Russia is in a curious time of year right now. The holiday season is finally stumbling to a close, marked with the Old New Year celebration on January 14th. Yes that’s right, Russia has two New Years. The “New” New year is the same as ours – a product of the Gregorian calendar that Soviet Russia embraced in a post-revolutionary bid to align Russia with modernity.
Shifting time frames
The Soviets declared an official move from the Julian to the Gregorian calendar, the former being favoured by the Russian Orthodox church. Christianity (particularly) and religion (generally) had no place in the drive for a future Soviet Utopia, nor had any of the trappings, edifices and conventions of a “faith”, other than that of communism. Aside from the rejection of the church, to embrace the Gregorian calendar was to the synchronise the Soviet republic with the West and the rest of the developed world. Perfectly fitting for a system that strove to rebuild a society from the ground up, whilst elbowing its way into modernity on an equal footing.
However, just as Christianity was unable to eradicate Pagan beliefs, so the Soviets were unable to eradicate Christianity. Indeed, Stalin would later permit it’s official return during the decisive years of the Second World War (Russia’s Great Patriotic War), but that’s another tale. Old beliefs die hard, and in spite of the destruction, abuse and secular repurposing of former places of worship; the mindset of Orthodox devotees was much harder to erase. Indeed, it was a task that could not be completed. So Orthodoxy and it’s calendar survived, along with its New Year, although January 1st “stuck” as the main event and the Old New Year is not considered an official holiday.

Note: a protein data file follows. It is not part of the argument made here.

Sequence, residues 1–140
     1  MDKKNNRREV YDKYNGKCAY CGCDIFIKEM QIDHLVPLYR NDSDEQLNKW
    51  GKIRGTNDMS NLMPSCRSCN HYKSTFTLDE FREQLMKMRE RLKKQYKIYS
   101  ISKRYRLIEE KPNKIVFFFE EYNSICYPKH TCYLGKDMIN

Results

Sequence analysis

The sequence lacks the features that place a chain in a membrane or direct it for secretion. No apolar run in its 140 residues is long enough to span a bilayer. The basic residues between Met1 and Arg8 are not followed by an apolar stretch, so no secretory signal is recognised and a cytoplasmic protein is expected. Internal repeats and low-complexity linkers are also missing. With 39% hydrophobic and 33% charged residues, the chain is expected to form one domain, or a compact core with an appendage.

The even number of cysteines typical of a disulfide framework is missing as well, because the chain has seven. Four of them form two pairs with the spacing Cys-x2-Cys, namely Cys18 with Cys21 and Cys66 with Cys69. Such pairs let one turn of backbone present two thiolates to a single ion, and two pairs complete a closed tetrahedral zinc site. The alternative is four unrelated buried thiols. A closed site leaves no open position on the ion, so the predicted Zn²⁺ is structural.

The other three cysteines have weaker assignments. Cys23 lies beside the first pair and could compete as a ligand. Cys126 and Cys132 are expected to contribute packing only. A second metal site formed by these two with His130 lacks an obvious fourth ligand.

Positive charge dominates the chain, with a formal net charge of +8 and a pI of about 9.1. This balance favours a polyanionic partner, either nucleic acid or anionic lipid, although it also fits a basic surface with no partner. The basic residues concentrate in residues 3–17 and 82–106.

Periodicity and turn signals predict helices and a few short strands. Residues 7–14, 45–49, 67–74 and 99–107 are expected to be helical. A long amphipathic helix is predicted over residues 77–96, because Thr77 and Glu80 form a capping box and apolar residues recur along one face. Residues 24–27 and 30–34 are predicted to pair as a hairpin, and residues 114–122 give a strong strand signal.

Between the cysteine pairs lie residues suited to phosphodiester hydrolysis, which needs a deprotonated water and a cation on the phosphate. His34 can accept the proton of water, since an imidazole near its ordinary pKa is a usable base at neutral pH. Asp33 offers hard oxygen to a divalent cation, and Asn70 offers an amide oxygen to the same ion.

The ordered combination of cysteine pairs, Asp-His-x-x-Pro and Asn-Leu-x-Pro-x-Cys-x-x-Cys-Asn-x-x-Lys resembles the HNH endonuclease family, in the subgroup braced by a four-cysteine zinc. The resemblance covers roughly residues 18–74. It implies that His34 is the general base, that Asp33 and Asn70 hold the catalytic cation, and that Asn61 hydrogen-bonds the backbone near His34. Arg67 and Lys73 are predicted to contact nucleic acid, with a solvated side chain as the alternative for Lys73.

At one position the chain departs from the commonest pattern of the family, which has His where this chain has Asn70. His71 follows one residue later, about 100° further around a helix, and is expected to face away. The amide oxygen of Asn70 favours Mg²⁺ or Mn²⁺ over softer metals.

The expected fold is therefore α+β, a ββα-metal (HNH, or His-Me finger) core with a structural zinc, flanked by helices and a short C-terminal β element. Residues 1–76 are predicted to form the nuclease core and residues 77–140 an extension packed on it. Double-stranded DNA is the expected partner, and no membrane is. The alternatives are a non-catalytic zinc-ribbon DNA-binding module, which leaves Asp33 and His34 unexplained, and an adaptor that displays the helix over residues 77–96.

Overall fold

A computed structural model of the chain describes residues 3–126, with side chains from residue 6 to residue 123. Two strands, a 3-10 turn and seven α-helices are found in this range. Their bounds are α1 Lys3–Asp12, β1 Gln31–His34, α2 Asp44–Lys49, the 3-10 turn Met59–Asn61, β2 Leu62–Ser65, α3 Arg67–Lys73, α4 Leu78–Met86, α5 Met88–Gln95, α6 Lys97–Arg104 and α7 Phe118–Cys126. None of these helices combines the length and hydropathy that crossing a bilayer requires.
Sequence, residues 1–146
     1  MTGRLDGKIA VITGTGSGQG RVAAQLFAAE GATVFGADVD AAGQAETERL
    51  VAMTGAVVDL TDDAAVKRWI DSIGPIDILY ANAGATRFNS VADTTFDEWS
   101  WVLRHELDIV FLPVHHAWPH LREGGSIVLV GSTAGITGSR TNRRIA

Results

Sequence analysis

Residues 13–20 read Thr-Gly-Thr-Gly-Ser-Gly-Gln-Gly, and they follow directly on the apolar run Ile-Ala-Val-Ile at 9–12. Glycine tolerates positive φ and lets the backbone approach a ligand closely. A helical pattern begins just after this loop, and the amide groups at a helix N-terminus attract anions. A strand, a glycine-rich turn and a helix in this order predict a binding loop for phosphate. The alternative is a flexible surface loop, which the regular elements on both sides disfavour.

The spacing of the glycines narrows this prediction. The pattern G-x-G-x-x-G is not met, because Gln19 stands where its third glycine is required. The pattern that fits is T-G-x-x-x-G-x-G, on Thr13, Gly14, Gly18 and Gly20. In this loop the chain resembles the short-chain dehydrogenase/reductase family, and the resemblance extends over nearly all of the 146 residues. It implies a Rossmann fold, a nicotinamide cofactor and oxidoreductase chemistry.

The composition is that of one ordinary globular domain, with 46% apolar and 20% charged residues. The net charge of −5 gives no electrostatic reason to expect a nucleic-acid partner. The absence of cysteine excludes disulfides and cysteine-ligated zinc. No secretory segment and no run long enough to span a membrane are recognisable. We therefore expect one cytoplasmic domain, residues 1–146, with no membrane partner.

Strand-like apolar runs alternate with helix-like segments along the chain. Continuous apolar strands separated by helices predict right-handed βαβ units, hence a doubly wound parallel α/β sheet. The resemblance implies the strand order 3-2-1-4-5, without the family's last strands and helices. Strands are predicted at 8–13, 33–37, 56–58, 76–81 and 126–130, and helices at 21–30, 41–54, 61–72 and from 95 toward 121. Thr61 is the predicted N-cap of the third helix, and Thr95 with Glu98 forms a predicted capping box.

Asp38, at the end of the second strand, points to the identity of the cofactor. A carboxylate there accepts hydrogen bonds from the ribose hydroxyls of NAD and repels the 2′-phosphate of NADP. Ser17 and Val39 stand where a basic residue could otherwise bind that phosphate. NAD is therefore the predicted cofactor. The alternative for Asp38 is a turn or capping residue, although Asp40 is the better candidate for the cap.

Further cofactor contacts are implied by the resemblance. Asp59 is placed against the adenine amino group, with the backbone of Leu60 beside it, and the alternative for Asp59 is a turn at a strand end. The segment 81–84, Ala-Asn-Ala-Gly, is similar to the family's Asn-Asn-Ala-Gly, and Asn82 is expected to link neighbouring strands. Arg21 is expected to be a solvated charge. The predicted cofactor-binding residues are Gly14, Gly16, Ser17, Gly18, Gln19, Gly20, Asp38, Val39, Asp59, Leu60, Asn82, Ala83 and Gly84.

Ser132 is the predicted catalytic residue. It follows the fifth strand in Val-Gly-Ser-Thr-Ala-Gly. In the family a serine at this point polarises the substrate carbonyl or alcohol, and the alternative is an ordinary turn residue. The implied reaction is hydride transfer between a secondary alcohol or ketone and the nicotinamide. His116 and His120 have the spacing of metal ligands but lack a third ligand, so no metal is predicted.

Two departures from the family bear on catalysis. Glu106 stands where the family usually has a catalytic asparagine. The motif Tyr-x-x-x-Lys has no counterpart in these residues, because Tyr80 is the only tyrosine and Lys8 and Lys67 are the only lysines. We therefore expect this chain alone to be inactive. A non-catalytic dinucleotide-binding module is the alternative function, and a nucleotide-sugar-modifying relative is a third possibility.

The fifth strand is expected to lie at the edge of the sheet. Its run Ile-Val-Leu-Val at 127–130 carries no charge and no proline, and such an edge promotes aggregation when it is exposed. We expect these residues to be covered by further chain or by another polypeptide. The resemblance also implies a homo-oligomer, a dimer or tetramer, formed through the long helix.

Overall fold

Escapades on ice (and snow) are the in-thing at this time of year, unsurprising as there are plenty of both to contend with. A 24 hour period can see 20 cm of snow descend upon Moscow with relative ease. With a concerted attack from the weather; double that amount could equally fall in a single day, and Moscow is far from extremes in terms of the Russian Winter.
Meanwhile, in central Siberia, Lake Baikal sits capped with up to two metres of ice and the locals drive vehicles across its crystal surface. Misjudge the ice though and a weak spot will grant a 1600 metre (1 mile) descent straight to the bottom (at its deepest). It may look like a fairy tale landscape but grim reality is in charge, and you really have to know what you are doing, or have somebody with you who does.
Gone skiing (or skating)
It seems to be the done thing around this time of year, certainly amongst those with whom I speak. ‘Time to break out the skis and skim across the landscape one stride at a time. It’s “Nordic”, or cross country style (at least in our vocabulary), unless there’s a convenient mountain to assist with some downhill momentum.
“Forget about the popular ski resorts in Europe or the US. If you want to experience something different, and arguably better, you should try skiing in Russia. This place offers things that you cannot experience anywhere else!”
For those who prefer their blades a little more compact: ice skating is equally as popular, the authorities even facilitate a temporary annual ice rink in Red Square (courtesy of the Gum store) for the delight of the locals who can glide around to their heart’s content.